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Living longer, working longer: economic activity up to and beyond the State Pension Age in England

Living longer, working longer: economic activity up to and beyond the State Pension Age in England
Living longer, working longer: economic activity up to and beyond the State Pension Age in England
With life expectancy rising and the State Pension Age (SPA) increasing, understanding patterns of retirement and drivers of working up-to,and beyond the SPA, is a key policy priority. Academic research has highlighted that demographic, health, socio-economic, geographical and caring characteristics are associated with economic activity inlater life. However, research has often examined these associations in isolation as opposed to together. To improve the ability of policy-makers to identify individuals who are most likely to be economically active in later life, further research, which explores individual characteristics and their association with economic activity, was required. This research uses a quantitative approach employing bivariate and multivariate methods to explore the combined relative associations of a number of derived variables from Wave 5 of the English Longitudinal Study of Ageing (ELSA), among male and female individuals who are above and below the SPA.

The results show that factors associated with economic activity in later life vary between individuals who are above or below the SPA, and there are important gender dimensions at play. For example, among individuals who are above the SPA, the factors of age, housing tenure, occupational social class and pension scheme membership are associated with economic activity, whereas among individuals who are bwlo the SPA, a person's self-reported general health (SRGH), reports of a limiting long-standing illness (LLSI), housing tenure, pension scheme membership and caring status were associated with economic activity. Among men, it was age, housing tenure, occupational social class and pension scheme membership which were consistently associated with economic activity, whereas among women, the variables of marital status, reports of a LLSI, housing tenure, pension scheme membership and caring status were significant for economic activity. These findings can help to inform policy-makers in designing legislation in the area of work in later life, as well as retirement and pension provision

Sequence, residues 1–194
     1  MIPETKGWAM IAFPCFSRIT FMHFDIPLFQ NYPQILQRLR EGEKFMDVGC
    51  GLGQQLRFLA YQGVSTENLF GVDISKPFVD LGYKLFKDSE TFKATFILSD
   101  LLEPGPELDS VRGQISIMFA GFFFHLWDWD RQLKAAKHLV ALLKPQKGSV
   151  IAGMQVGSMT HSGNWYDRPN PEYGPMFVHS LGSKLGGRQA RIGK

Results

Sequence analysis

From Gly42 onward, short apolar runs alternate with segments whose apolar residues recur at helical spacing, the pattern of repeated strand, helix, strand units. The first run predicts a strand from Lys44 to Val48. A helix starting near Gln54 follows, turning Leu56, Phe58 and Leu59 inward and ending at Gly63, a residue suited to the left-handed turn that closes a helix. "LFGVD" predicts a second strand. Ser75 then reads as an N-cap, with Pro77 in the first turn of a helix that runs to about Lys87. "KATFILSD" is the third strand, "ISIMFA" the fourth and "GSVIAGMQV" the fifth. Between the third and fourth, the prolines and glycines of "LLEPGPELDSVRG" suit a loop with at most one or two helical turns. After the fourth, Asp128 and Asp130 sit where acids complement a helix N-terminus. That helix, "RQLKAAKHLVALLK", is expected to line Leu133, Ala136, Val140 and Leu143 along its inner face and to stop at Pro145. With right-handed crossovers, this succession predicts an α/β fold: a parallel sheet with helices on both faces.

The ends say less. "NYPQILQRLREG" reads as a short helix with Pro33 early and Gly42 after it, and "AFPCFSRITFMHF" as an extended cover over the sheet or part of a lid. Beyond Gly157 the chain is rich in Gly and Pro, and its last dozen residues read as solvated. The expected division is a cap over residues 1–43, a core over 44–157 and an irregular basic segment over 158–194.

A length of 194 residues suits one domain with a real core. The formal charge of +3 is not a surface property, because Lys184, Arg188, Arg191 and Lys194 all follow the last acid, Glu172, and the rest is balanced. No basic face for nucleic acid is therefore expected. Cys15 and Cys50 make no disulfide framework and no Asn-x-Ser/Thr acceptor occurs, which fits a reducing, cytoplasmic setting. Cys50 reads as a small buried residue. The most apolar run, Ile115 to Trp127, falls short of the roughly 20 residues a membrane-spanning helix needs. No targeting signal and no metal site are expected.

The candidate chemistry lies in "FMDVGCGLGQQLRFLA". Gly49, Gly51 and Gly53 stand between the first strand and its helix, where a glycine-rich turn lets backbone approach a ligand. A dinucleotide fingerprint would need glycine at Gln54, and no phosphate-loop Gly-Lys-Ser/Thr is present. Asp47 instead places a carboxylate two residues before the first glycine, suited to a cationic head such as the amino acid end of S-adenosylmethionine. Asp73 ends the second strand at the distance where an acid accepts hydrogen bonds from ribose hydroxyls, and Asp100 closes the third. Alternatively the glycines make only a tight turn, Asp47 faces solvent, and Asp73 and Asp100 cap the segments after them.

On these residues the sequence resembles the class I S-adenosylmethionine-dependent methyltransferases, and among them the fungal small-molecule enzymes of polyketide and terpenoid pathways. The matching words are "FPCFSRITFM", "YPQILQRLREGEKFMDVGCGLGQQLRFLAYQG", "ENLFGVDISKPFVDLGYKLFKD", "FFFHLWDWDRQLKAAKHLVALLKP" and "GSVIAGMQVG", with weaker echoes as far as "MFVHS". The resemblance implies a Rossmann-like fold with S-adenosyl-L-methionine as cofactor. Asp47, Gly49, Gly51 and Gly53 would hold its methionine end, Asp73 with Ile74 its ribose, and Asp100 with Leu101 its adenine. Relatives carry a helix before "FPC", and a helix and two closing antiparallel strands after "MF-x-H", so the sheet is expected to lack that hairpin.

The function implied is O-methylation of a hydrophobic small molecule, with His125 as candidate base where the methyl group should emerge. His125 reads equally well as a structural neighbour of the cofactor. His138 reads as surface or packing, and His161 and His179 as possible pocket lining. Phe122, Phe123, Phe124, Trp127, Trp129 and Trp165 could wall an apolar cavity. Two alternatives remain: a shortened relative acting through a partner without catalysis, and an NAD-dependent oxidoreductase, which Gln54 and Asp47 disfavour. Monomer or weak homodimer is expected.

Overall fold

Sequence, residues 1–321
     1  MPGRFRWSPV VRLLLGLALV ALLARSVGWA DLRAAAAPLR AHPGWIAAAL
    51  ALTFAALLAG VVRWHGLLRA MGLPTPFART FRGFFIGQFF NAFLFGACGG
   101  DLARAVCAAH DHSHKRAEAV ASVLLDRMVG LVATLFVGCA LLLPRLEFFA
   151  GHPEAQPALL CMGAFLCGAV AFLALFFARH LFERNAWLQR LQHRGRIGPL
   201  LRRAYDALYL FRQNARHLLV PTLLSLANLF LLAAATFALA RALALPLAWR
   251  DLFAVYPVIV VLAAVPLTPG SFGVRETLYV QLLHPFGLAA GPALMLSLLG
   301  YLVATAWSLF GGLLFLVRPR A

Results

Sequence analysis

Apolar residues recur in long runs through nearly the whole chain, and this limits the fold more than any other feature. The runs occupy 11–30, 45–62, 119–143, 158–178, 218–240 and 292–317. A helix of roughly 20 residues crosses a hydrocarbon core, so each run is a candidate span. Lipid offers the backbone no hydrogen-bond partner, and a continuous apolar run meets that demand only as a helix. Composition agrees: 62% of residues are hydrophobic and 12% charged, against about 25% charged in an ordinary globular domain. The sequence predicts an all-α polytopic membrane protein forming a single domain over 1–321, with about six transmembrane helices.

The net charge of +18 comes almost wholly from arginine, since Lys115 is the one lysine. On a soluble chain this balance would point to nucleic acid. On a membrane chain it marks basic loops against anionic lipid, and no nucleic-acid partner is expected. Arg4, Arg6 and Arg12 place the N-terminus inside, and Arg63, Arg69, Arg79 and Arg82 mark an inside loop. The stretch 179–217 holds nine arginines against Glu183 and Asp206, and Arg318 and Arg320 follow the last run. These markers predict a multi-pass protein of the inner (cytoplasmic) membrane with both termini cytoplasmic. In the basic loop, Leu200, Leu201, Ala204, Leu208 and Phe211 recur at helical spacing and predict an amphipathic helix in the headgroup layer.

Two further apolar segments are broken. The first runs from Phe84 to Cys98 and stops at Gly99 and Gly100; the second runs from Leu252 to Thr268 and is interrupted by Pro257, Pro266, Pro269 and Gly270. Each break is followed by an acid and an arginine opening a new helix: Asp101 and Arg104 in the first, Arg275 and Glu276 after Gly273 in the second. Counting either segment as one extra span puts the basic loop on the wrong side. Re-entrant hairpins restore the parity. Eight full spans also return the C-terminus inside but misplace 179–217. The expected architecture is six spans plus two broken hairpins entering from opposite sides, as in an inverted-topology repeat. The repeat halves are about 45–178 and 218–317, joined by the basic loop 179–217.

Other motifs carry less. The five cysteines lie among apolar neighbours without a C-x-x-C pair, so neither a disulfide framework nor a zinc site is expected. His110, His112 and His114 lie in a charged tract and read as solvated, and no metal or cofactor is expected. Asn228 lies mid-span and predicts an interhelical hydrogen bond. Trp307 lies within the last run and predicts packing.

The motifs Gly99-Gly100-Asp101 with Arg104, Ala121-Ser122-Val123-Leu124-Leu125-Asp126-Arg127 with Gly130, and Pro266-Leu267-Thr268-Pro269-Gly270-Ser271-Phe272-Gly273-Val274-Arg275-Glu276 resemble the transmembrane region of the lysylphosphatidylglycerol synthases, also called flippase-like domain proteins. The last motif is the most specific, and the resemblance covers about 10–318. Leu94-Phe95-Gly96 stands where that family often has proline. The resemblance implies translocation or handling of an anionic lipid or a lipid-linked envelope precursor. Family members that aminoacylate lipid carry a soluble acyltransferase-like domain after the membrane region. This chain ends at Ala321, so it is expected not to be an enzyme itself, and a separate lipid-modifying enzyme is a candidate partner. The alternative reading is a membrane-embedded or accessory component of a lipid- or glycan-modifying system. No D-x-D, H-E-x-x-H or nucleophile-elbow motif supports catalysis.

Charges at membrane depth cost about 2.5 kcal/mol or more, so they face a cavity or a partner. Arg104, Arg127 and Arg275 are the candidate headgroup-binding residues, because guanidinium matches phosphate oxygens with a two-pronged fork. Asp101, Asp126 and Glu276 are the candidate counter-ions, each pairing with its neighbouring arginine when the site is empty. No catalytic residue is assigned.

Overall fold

Caiger, Nesta
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Caiger, Nesta
452674d0-4683-4f77-965b-9f927ba4a425
Evandrou, Maria
cd2210ea-9625-44d7-b0f4-fc0721a25d28
Vlachantoni, Athina
06a52fbb-f2a0-4c81-9fbc-d6efc736c6cb

Caiger, Nesta (2016) Living longer, working longer: economic activity up to and beyond the State Pension Age in England. University of Southampton, School of Social Sciences, Doctoral Thesis, 490pp.

Record type: Thesis (Doctoral)

Abstract

With life expectancy rising and the State Pension Age (SPA) increasing, understanding patterns of retirement and drivers of working up-to,and beyond the SPA, is a key policy priority. Academic research has highlighted that demographic, health, socio-economic, geographical and caring characteristics are associated with economic activity inlater life. However, research has often examined these associations in isolation as opposed to together. To improve the ability of policy-makers to identify individuals who are most likely to be economically active in later life, further research, which explores individual characteristics and their association with economic activity, was required. This research uses a quantitative approach employing bivariate and multivariate methods to explore the combined relative associations of a number of derived variables from Wave 5 of the English Longitudinal Study of Ageing (ELSA), among male and female individuals who are above and below the SPA.

The results show that factors associated with economic activity in later life vary between individuals who are above or below the SPA, and there are important gender dimensions at play. For example, among individuals who are above the SPA, the factors of age, housing tenure, occupational social class and pension scheme membership are associated with economic activity, whereas among individuals who are bwlo the SPA, a person's self-reported general health (SRGH), reports of a limiting long-standing illness (LLSI), housing tenure, pension scheme membership and caring status were associated with economic activity. Among men, it was age, housing tenure, occupational social class and pension scheme membership which were consistently associated with economic activity, whereas among women, the variables of marital status, reports of a LLSI, housing tenure, pension scheme membership and caring status were significant for economic activity. These findings can help to inform policy-makers in designing legislation in the area of work in later life, as well as retirement and pension provision

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Nesta Caiger Final Thesis .pdf - Other
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More information

Published date: October 2016
Organisations: University of Southampton, Gerontology

Identifiers

Local EPrints ID: 404695
URI: https://eprints.soton.ac.uk/id/eprint/404695
PURE UUID: e53b05db-7848-487a-8f30-b05d4cf51e53

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Date deposited: 30 Jan 2017 16:46
Last modified: 17 Jul 2017 17:30

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